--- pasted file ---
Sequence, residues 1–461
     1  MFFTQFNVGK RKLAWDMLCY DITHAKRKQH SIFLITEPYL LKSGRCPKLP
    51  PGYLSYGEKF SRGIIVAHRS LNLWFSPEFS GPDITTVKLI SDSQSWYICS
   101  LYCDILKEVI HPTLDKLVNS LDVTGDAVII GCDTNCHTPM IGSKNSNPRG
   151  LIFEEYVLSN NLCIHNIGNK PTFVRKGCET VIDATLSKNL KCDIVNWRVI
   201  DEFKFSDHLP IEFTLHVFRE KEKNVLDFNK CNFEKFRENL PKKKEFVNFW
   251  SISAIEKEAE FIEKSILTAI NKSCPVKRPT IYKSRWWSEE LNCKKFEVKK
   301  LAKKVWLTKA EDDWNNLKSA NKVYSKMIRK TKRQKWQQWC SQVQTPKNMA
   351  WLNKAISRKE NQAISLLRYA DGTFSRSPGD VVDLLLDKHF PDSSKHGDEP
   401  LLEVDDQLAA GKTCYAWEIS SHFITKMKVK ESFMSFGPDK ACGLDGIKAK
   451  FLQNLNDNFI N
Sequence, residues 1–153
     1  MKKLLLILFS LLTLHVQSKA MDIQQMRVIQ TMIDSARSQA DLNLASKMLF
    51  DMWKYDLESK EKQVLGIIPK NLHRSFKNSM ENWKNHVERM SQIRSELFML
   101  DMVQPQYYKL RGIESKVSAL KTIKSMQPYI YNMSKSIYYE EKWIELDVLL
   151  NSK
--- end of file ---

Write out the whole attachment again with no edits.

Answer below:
Sequence, residues 1–461
     1  MFFTQFNVGK RKLAWDMLCY DITHAKRKQH SIFLITEPYL LKSGRCPKLP
    51  PGYLSYGEKF SRGIIVAHRS LNLWFSPEFS GPDITTVKLI SDSQSWYICS
   101  LYCDILKEVI HPTLDKLVNS LDVTGDAVII GCDTNCHTPM IGSKNSNPRG
   151  LIFEEYVLSN NLCIHNIGNK PTFVRKGCET VIDATLSKNL KCDIVNWRVI
   201  DEFKFSDHLP IEFTLHVFRE KEKNVLDFNK CNFEKFRENL PKKKEFVNFW
   251  SISAIEKEAE FIEKSILTAI NKSCPVKRPT IYKSRWWSEE LNCKKFEVKK
   301  LAKKVWLTKA EDDWNNLKSA NKVYSKMIRK TKRQKWQQWC SQVQTPKNMA
   351  WLNKAISRKE NQAISLLRYA DGTFSRSPGD VVDLLLDKHF PDSSKHGDEP
   401  LLEVDDQLAA GKTCYAWEIS SHFITKMKVK ESFMSFGPDK ACGLDGIKAK
   451  FLQNLNDNFI N
Sequence, residues 1–153
     1  MKKLLLILFS LLTLHVQSKA MDIQQMRVIQ TMIDSARSQA DLNLASKMLF
    51  DMWKYDLESK EKQVLGIIPK NLHRSFKNSM ENWKNHVERM SQIRSELFML
   101  DMVQPQYYKL RGIESKVSAL KTIKSMQPYI YNMSKSIYYE EKWIELDVLL
   151  NSK